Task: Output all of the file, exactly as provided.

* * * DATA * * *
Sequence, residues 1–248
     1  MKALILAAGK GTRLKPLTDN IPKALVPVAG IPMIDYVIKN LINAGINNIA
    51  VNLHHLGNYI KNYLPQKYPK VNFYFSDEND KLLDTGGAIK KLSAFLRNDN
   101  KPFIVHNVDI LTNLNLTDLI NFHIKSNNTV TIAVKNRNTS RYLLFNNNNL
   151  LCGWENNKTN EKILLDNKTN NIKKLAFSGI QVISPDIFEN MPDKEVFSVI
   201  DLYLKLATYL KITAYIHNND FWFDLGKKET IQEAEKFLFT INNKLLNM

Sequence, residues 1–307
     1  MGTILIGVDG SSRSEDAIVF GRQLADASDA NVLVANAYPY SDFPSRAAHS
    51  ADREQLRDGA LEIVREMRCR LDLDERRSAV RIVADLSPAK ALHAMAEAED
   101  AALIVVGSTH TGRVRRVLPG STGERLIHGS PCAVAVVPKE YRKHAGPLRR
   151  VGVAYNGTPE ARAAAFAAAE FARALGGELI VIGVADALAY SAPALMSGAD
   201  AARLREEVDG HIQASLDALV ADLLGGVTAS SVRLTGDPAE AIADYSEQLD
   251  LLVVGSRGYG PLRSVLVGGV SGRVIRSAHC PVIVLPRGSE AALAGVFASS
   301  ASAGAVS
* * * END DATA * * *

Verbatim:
Sequence, residues 1–248
     1  MKALILAAGK GTRLKPLTDN IPKALVPVAG IPMIDYVIKN LINAGINNIA
    51  VNLHHLGNYI KNYLPQKYPK VNFYFSDEND KLLDTGGAIK KLSAFLRNDN
   101  KPFIVHNVDI LTNLNLTDLI NFHIKSNNTV TIAVKNRNTS RYLLFNNNNL
   151  LCGWENNKTN EKILLDNKTN NIKKLAFSGI QVISPDIFEN MPDKEVFSVI
   201  DLYLKLATYL KITAYIHNND FWFDLGKKET IQEAEKFLFT INNKLLNM

Sequence, residues 1–307
     1  MGTILIGVDG SSRSEDAIVF GRQLADASDA NVLVANAYPY SDFPSRAAHS
    51  ADREQLRDGA LEIVREMRCR LDLDERRSAV RIVADLSPAK ALHAMAEAED
   101  AALIVVGSTH TGRVRRVLPG STGERLIHGS PCAVAVVPKE YRKHAGPLRR
   151  VGVAYNGTPE ARAAAFAAAE FARALGGELI VIGVADALAY SAPALMSGAD
   201  AARLREEVDG HIQASLDALV ADLLGGVTAS SVRLTGDPAE AIADYSEQLD
   251  LLVVGSRGYG PLRSVLVGGV SGRVIRSAHC PVIVLPRGSE AALAGVFASS
   301  ASAGAVS